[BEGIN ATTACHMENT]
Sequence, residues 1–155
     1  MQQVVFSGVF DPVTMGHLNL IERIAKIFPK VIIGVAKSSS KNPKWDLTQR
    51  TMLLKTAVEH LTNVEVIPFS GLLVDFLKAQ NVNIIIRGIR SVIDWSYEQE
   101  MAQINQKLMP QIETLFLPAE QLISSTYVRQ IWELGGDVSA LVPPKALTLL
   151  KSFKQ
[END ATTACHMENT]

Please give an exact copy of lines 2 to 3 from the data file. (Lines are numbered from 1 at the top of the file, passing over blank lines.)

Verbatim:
     1  MQQVVFSGVF DPVTMGHLNL IERIAKIFPK VIIGVAKSSS KNPKWDLTQR
    51  TMLLKTAVEH LTNVEVIPFS GLLVDFLKAQ NVNIIIRGIR SVIDWSYEQE